Character Building  by Booker T. Washington

Chapter 28 Each One His Part

I desire to call your attention for a few minutes to-night to the fact that one thing is dependent for success upon another; one individual is dependent for success upon another, one family in a community upon other families for their mutual prosperity, one part of a State upon the other parts for the successful government of the State. The same thing is true in nature. One thing cannot exist unless another exists; cannot succeed without the success of something else. The very forces of nature are dependent upon other forces for their existence. Without vegetable life we could not have animal life; without mineral life we could not have vegetable life. So, throughout all kinds of life, as throughout the life of nature, everything is dependent upon some-thing else for its success.

The same thing is true of this institution and of every institution. The success of the whole depends upon having every person connected with the institution do his or her whole duty.

We are very apt to get the idea that there are high positions and that there are low positions, that there is important service and unim-portant service; but I believe that God expects the same amount of conscientious work from a person in a low position as from one in a high position, that He expects the same conscientious service whether the work be a big task or a little one. We are dependent as an institu-tion-every institution is dependent-for success, upon the individual consciences of those connected with it as teachers and students; and there is nothing that gives me more satisfaction and pleasure, and more faith in the future of the school, than to see examples of consci-entious work here.

I remember a special instance of this kind that occurred at one of our Commencements. I believe that Commencement, more than any other time in the school year, is an occasion when there is excitement and a desire to witness the exercises. After the exercises of that year were over, I had occasion to go to the dining room, and I found there one of the teachers who from her appearance I thought had not attended the exercises. When I asked her about this, she said: "No. I intended to go, but at the last minute I saw that there were some dishes here that needed to be washed, and I stayed here to see that they were washed."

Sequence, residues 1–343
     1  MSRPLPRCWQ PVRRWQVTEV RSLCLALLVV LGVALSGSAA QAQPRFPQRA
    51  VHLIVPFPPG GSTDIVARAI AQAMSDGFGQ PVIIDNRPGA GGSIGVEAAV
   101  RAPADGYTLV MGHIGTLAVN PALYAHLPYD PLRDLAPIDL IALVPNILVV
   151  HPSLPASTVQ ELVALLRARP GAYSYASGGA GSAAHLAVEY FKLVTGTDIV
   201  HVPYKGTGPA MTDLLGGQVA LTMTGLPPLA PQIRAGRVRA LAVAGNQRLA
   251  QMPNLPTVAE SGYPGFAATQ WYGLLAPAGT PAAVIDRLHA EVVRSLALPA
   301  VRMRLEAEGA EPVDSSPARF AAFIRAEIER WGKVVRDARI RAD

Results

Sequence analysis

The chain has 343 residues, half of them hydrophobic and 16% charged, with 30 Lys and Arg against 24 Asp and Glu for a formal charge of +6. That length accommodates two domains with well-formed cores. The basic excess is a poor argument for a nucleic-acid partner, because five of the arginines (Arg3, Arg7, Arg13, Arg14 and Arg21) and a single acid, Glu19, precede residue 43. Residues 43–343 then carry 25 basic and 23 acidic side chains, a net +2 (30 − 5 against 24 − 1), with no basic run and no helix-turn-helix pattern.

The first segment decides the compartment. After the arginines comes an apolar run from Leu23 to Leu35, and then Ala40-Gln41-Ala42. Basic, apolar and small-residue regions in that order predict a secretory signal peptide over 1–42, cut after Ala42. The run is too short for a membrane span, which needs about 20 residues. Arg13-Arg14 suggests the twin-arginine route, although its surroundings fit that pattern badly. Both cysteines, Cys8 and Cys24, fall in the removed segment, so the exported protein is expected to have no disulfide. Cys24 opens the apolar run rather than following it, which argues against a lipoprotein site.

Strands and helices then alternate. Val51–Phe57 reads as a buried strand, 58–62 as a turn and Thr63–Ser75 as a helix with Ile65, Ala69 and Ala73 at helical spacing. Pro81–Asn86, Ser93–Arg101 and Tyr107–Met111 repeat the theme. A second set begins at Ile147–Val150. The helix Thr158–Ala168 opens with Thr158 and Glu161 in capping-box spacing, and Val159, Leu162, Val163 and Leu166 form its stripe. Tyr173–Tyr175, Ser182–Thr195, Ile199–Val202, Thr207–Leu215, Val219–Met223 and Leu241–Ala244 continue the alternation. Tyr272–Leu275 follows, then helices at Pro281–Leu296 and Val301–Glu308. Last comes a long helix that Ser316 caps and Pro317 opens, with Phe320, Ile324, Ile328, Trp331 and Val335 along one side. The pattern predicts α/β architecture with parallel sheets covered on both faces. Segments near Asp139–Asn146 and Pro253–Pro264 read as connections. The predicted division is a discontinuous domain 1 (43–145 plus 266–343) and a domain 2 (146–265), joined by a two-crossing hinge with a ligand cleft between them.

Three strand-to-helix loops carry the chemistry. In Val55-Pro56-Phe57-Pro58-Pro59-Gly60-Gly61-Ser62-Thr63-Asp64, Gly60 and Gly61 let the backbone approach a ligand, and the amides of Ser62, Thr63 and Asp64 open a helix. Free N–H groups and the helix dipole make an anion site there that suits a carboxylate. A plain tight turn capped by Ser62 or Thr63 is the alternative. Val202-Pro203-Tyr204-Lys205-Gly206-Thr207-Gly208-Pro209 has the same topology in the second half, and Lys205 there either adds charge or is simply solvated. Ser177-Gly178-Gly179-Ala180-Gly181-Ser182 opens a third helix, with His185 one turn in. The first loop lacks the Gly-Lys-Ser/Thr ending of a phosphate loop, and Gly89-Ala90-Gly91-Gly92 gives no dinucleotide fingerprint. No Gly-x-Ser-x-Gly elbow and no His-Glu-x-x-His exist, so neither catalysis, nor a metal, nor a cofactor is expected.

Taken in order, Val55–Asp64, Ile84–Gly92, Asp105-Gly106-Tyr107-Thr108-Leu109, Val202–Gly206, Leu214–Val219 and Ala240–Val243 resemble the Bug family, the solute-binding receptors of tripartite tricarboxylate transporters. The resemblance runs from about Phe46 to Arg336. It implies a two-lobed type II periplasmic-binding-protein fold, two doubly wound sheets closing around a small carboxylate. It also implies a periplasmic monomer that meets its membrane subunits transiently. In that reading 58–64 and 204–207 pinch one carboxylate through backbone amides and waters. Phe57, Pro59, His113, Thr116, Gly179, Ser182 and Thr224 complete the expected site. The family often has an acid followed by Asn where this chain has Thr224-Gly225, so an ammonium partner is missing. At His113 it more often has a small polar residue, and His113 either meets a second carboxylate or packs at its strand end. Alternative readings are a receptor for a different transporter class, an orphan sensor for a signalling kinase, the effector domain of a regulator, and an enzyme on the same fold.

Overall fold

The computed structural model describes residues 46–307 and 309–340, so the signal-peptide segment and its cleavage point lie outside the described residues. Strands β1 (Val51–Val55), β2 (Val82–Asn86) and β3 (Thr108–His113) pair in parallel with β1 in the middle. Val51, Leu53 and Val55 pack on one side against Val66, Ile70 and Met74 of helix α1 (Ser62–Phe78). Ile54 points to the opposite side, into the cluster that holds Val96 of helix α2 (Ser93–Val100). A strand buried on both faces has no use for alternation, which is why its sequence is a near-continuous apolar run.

Now that was one of the finest exhibitions of conscientious regard for duty that I ever saw, and there are very few persons who would have done a thing like that. That we have teachers here whose hearts are so much in their work that they are willing to do such things as this gives me great faith in the future of this school as the years go on.

It takes a person with a conscience, when there are public men of note here, a great many strangers and many things to attract attention, to be so mindful of her duty that she will stay behind and wash dishes when everyone else is in attendance upon the exercises and seeking enjoyment. When the people connected with this institution can bring themselves up to that point, I have no fear for the success of the insti-tution; and it can succeed only as they do bring their consciences up to that point.